Two projections, I and J, formed on the ring E, serve as stops to arrest the motion of the cap in the opened and closed positions. A similar end is attained by the form of the trunnions E and the adjacent portions of the cap. Each of the latter is formed with an internal projection, g, which, as the cap swings, traverses to one side and the other of a broad notch formed in the trunnions'.
In the manufacture I employ by preference the white metal known as Britannia. Itis strong, and so nearly destitute of elasticity that the cap being completed in shape, except the final bending, may be applied in the correct position and permanentlysecured thereon by simply bending the cap inward by suitable dies or otherwise.
The construction allows the force with which the inner face of the cap presses against the upper surface of the body to be varied by turning the ring E and its attachments around on the screw-threaded body. The spherical form allows this withoutinterfering with the action. Supposing the cap to have been previously moved to one side and the passage d open, the act of tightly closing consists in first swinging the cap so as to cover the passage 02 and afterward turning the ring E and its connections around until the cap is pressed tightly down upon the spherical surface of the top of the body. It will remain in this condition for any period. When it is to be opened again, the operation should be commenced by first turning the ring .13 and its connections around to lift the cap clear of the body, after which it may be swung with ease to one side.
The stop I allows the cap to be moved somewhat past the tightest closed position, but not so much as to materially impair the tightni ss of the contact. The stop J arrests the opening motion after the orifice d is entirely uncovered.
Modifications may be made without departing from the principle or sacrificing the advantages of the invention. The threaded ring E may be adjusted in a position which gives a just sufficiently forcible pressure of the cap upon the body when in the closed position, and allowed to remain in that position, omitting the turning to tighten andthe turning in the opposite direction to. relax the force. The turning ring may be set fastor,in other words, the trunnions may be formed on the bodycare being taken to adjust the parts so that there will be a sufficiently forcible contact while still allowing motion. Figs. 4 and 5 represent such a construction.
Instead of producing trunnions E, projecting out from the body and engaging in holes in the cap, I can, if preferred, produce a cap with internal projections and provide the body with holes to receive them. Fig. 6 shows such modification. The top of the body is not necessarily spherical. \rVhen the turning ring E V, is omitted and the'cap is mounted directly on the body, the rubbing-surface of the body at the top may be a portion of a cylinder, care being taken to give a corresponding form to the cap. The elastic material G* may be omitted and the close fit of the cap obtained by letting the efficient surfaces of the metal apply directly together. Other metal than Britannia may be used.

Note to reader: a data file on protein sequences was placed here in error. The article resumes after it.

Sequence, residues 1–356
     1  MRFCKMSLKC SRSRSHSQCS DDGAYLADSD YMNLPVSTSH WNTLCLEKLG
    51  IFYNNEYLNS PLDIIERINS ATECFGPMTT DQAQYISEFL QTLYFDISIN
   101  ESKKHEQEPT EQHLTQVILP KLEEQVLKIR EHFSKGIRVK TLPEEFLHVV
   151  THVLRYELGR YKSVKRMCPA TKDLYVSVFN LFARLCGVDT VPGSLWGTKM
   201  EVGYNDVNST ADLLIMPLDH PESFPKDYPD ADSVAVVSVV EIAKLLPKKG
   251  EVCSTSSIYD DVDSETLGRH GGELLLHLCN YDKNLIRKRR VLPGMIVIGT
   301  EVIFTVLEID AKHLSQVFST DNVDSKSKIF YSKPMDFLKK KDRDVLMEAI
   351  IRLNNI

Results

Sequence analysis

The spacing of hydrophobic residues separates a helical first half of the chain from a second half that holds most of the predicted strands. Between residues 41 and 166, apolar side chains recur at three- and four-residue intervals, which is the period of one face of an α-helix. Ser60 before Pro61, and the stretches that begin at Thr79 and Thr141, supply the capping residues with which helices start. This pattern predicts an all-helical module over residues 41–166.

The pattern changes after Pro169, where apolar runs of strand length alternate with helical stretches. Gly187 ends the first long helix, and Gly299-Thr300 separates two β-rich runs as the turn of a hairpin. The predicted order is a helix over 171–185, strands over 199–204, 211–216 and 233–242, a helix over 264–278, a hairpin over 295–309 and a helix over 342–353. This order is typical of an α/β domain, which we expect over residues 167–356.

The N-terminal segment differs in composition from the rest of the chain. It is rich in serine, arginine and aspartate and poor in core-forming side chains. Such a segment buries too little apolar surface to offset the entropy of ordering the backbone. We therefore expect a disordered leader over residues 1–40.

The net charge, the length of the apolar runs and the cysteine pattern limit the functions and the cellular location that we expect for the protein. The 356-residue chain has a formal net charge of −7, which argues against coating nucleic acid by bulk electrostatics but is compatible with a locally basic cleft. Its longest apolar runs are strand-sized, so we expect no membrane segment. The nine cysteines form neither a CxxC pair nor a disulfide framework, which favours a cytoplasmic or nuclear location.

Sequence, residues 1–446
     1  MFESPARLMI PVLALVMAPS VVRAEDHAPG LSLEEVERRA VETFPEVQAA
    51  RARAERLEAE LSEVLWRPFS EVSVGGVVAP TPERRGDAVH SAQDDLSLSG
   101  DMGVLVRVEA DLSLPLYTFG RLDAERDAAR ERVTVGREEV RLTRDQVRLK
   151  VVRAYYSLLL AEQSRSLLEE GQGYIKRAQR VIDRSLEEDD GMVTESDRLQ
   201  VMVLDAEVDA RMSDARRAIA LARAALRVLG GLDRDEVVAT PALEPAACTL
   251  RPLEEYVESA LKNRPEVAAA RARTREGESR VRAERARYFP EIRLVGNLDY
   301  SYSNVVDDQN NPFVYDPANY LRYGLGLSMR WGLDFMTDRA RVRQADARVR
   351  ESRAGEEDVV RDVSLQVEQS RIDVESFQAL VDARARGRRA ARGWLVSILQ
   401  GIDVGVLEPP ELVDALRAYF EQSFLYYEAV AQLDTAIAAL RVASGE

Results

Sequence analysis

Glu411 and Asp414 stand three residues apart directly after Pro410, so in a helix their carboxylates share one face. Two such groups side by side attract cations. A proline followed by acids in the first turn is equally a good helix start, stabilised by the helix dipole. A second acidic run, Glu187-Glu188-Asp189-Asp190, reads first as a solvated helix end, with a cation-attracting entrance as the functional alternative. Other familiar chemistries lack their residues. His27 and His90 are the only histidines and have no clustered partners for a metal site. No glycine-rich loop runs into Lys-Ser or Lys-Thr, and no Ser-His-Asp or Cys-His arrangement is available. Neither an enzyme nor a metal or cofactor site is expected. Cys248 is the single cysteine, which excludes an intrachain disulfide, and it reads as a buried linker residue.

The projectionsE and the corresponding but 'wider notches in the trunnions may serve alone as the stops to limit swinging movement of the cap, the stops I and J being omitted; or the latter stops may be employed and plain cylindrical trunnions may serve. It is only essential that the proper amount of motion be allowed with provisions for preventing a mischievous excess.
The location of the devices which arrest the cap in the closed position may be varied, so as to stop it in the position of tightest contact,
instead of allowing it to move a little past. I prefer, however, to let the cap swing a little past the most tightly-fitting position, so that the elasticity of the parts shall aid to hold the cap in the closed position, thus affording increased security against possible opening by accidental forces.
I propose in some cases to make the body D of glass, casting the trunnions in one with the body. The cap will be of metal, applied as described. The lower portion of the body may be ground to a fit in the neck of the bottle in the usual manner.
I claim as my invention 1. The body D, having an aperture, 11., and a curved surface, D arranged to be rigidly held in a bottle or the like, in combination with a swinging cap, G, turning on an axis eccentric to said curved surface, and arranged for joint operation, substantially as herein specified.
2. The removable body D, having a curved surface, D adjacent to the aperture d. arranged to serve with a separate vessel or tube, A, in combination with a swinging cap, G, and with stops adapted to arrest the motion, as herein specified.
3. The threaded ring E. in combination with IIO the correspondingly-threaded body, and with center of the curvature of the body, as herein specified.
In testimony whereof I have hereunto set my hand, at New York city, New York, this 22d day of June, 1886, in the presence of two subscribing witnesses.
BENJAMIN K. DORVVART.
CHARLES R. SEARLE, M. F. BOYLE.